Course Title: Context and Practice of Interpreting 1 (in both language directions) Japanese

Part B: Course Detail

Teaching Period: Term1 2011

Course Code: LANG5429

Course Title: Context and Practice of Interpreting 1 (in both language directions) Japanese

School: 365T Global Studies, Soc Sci & Plng

Campus: City Campus

Program: C6067 - Advanced Diploma of Translating and Interpreting

Course Contact : Miranda Lai

Course Contact Phone: +61 3 99253523

Course Contact

Name and Contact Details of All Other Relevant Staff

Mr. Yuta Suzuki

Ms. Keiko Hirata

Nominal Hours: 80

Regardless of the mode of delivery, represent a guide to the relative teaching time and student effort required to successfully achieve a particular competency/module. This may include not only scheduled classes or workplace visits but also the amount of effort required to undertake, evaluate and complete all assessment requirements, including any non-classroom activities.

Pre-requisites and Co-requisites

Course Description

This course aims to provide students with skills and knowledge in oral transfer, the primary competency of the Professional Interpreter, and to locate and apply the relevant theoretical framework and contextual knowledge required of a simple assignment.

National Codes, Titles, Elements and Performance Criteria

National Element Code & Title:

VBN925 Context and Practice of Interpreting 1 (in both language directions) Japanese

Learning Outcomes

On completion of this course you will be expected to be able to: 

  1. Carry out the interpretation of dialogues, short printed texts and short speeches that embody a reasonable level of linguistic and conceptual difficulty in the consecutive mode.
  2. Examine in depth a range of institutional and professional contexts in which interpreting and translating take place as professional activities, and apply related concepts and vocabulary within more complex interpreting practice. 

Details of Learning Activities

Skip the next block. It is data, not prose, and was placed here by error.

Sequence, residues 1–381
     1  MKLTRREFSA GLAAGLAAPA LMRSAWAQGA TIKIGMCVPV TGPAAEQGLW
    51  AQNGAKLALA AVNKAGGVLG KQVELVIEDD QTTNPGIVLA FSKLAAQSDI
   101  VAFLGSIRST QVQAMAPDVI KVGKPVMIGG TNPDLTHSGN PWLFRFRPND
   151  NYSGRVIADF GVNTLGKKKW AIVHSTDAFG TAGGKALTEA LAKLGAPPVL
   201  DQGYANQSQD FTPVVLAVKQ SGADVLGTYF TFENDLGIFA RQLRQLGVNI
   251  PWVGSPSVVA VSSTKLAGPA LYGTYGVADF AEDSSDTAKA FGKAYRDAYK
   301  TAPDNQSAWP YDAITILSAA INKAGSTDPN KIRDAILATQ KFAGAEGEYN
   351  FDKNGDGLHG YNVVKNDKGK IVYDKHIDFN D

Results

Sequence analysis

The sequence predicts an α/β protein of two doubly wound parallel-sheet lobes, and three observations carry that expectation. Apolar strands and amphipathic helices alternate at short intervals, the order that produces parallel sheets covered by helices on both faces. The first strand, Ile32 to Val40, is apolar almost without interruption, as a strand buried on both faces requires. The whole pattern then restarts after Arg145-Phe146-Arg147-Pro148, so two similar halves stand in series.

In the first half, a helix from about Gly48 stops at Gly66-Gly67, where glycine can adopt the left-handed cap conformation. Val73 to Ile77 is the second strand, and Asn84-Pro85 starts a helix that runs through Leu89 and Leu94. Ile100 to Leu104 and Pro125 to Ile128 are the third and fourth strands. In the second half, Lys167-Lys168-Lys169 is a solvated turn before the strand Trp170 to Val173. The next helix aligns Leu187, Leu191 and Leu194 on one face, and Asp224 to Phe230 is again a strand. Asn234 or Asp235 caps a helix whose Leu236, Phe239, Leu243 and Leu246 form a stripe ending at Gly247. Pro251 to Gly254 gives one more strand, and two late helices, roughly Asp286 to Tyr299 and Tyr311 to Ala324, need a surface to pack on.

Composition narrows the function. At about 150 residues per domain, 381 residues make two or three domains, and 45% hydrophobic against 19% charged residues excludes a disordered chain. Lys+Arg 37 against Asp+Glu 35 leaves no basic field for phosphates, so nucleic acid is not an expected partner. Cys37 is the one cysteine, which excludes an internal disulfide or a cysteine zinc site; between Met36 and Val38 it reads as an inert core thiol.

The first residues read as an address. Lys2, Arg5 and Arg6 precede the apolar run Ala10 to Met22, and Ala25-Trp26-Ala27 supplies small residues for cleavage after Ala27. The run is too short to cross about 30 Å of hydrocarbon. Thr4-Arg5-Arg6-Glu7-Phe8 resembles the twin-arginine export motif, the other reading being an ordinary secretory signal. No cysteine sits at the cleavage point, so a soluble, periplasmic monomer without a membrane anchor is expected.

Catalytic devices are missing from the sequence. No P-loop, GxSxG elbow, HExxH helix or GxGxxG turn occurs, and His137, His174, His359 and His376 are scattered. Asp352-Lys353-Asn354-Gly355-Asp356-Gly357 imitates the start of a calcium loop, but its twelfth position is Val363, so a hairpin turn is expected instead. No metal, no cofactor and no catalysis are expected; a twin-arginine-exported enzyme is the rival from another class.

In small groups you will develop the skills and knowledge to perform complex interpreting tasks. In particular, the instruction will aim to assist you to:

  • Communicate the languages concerned with sufficient structural accuracy, vocabulary and fluency to participate effectively in exchanges on practical, social and professional subjects.
  • Demonstrate knowledge of a number of particular interests and special fields of competence.
  • Understand what speakers of both target and source languages say when speaking in the standard variety and the most common colloquial varieties.
  • Comprehend speech at a normal rate of delivery.
  • Understand what speakers of both target and source languages say when speaking in the standard variety and the most common colloquial varieties.
  • Demonstrate a broad enough range of vocabulary to ensure that they rarely have to grope for a word in discussing subjects.
  • Convey meaning accurately.
  • Use relatively complex structures.
  • Use the meaning-based approach to interpreting, as the most appropriate approach for practice.
  • Carry out research to identify relevant contextual knowledge.
  • Handle dialogue segments of up to sixty words in length in relatively specialised situations, and across a wide range of subjects.
  • Carry out oral translation for printed texts (both directions) of 200 words or equivalent.
  • Interpret short speeches and addresses of approximately 300 words or equivalent.